“My name Tim,” the old man says and Joe takes that as an invitation to take the sip in one gulp. It tastes like lemonade.
While the moment at the door was a very intimate encounter indeed, inside was a bustle of movement and sound. Fire danced in some jugglers hands while other booths displayed neon lights on every available hook. Candelabras on pedestals of varying heights dotted the room. All the vendors were arranged in a semi circle on the back half of the room. Joe walked languidly past the booths, picked up a sample of a butternut tart from a homely old lady. Wondered if it was out of pocket to go back for round two only to keep his mind off how very close the juggler's flames touched the winter solstice banner. It didn't feel right to ruin the vibe with fire safety concerns.
Suddenly a sweet voice sounded through the room and although he did not think “Anita,” he also knew she was the only candidate to illicit that feeling. But it wasn't her and he wasn't sure how it made him feel. At least he wasn't at Ace's right now comparing moon drives with those sharks.
“We welcome the winter solstice, the day Persephone finally reaches Hades' chambers for her long sleep.” The lady at the mic says. “For after the longest night comes a longer day.” A shuffle ripples across the crowd at this announcement. Murmurs of 'yes's reverberate throughout.
“Turn out the lights so that stars may guide her back to Earth.”
Joe expected a harsh dimming of lights until he realized that the lights had been off this entire time and that the room was deafening in that he can hear interaction between everyone in attendance. How the lady to his left traded multicoloured candles for a bundle of cloth and bread and there were no jingles of Federal Rewards taps. The Perfect Cup Pod Brewer man didn't ask him who's been denying him chocolates in the morning. He revelled in the silence and remembered briefly long ago a four day weekend spent in the cottage with his auburn haired girl beside him and his house mates ducking in lakes.
“Every scenario you go to REAP convention, you meet Bryan and pursue internship with Agency.” Tim says beside him. He's a small man that stands no taller than shoulder height with his arms crossed behind him. “Once in awhile you say you go to cottage. Strange margin of error. Occurs small number of population only.”
Tim leads him counterclockwise around the room, stopping at various vendors. Joe says nothing, but the feeling in his shoulders is begging Tim to continue. He makes notes of the various nick nacks for sale so that he doesn't have to take note of the familiar faces of the vendors. At one point Brett offers him a salt lamp. He does not notice.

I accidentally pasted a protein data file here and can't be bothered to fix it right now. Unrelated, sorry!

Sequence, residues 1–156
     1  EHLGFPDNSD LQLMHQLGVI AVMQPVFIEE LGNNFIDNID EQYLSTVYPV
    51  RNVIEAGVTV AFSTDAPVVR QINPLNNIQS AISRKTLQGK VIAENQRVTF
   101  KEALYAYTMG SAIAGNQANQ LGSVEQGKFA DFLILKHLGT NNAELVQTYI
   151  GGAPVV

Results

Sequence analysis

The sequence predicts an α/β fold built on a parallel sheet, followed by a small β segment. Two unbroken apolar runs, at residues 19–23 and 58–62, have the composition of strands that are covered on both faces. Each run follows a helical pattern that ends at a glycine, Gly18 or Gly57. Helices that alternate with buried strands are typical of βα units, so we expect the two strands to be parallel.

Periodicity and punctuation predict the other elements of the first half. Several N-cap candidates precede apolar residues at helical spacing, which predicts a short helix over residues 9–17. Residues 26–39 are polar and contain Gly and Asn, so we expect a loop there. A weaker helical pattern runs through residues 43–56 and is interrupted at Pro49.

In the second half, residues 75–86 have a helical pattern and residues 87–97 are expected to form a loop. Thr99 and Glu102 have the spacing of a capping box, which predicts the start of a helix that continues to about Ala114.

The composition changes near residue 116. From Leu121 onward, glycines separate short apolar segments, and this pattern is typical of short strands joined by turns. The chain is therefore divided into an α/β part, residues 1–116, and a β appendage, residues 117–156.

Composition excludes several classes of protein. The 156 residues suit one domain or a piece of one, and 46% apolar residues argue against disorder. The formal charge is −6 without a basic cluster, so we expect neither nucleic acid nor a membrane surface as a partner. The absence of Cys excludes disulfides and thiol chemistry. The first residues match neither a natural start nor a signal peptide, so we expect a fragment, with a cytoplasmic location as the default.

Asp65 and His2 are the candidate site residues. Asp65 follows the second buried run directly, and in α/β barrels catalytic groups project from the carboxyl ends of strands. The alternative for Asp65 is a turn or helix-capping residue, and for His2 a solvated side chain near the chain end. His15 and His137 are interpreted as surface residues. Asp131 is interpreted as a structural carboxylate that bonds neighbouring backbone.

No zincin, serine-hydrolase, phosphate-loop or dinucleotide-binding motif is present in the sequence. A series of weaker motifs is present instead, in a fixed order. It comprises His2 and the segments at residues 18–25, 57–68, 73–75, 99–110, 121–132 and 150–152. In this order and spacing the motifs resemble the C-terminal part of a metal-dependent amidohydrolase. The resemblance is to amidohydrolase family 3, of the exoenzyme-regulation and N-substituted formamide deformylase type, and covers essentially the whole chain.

“When one you chooses to go cottage, other yous remembers. Make reality very difficult.”
They're nearing the end of the fare and lights are appearing brighter tightening the space in his rib cage. He thinks he is crying, but when he chokes out his question his voice sounds tired.
“How is it a reality when it's only the worst possible outcome?”
“Only worst if you know others,” Tim says taking a Death by Chocolate pastry from an outstretched hand that may or may not have belonged to Anita. “Algorithm very hard, but many easy fix. Only be sad if Joe never go cottage.”
“I never went to the cottage.”
“One time Joe go so that's okay,” Tim says finally handing him the Death by Chocolate. Joe fiddles with it having a faint idea what happens when he eats it the lights slowly brightening to their usual vibrancy.
“Does that Joe get to stay?” Tim looks at him with sad eyes for a moment, pushes the pastry closer to him. “We keep that Joe until we can't. Then you can choose cottage over again. For now do math with Bryan here.”
Joe chews the pastry and mulls over how the taste delivers in comparison to the intense eye contact between the young mother and the barista in the commercial.
“Tomorrow we change hair colour of woman to brown. Maybe no trigger.”
Joe tries to agree and to also tell Tim to lose the stroller, but his eye lids are too heavy.
The simulation tech rubs his eyes in frustration and ponders never raising his head for all eternity. In general, he was completely underpaid and wonders if this coat understands that he is a tek-nish-yan not a math-muh-tish-yan. He turns the dial counterclockwise again and starts the simulation from the top. Looks over the code as if he can see the reason the calculations provide two outputs on this equation and wonders if a simple end script in the first scenario solves the issue. He just wants to go home.
“I say we terminate at the first scene and then run script. That way he wont ripple across the game on launch day and we have time and funding to work the kinks. He's only a side character with a side quest anyway and I am sick of this error message.”
Tim caresses the error message on the screen and is silent for a moment.
“End script tomorrow before launch. Complicated back story too much for first ram,” he says taking off his lab coat. “We come morning. Let script run tonight and show all error for terminate.”
The tech sighs in relief glad to finally put away his tools. Maybe he can catch the last few minutes of Federal Rewards Hour.
“Today long day. Hopefully night time is same.”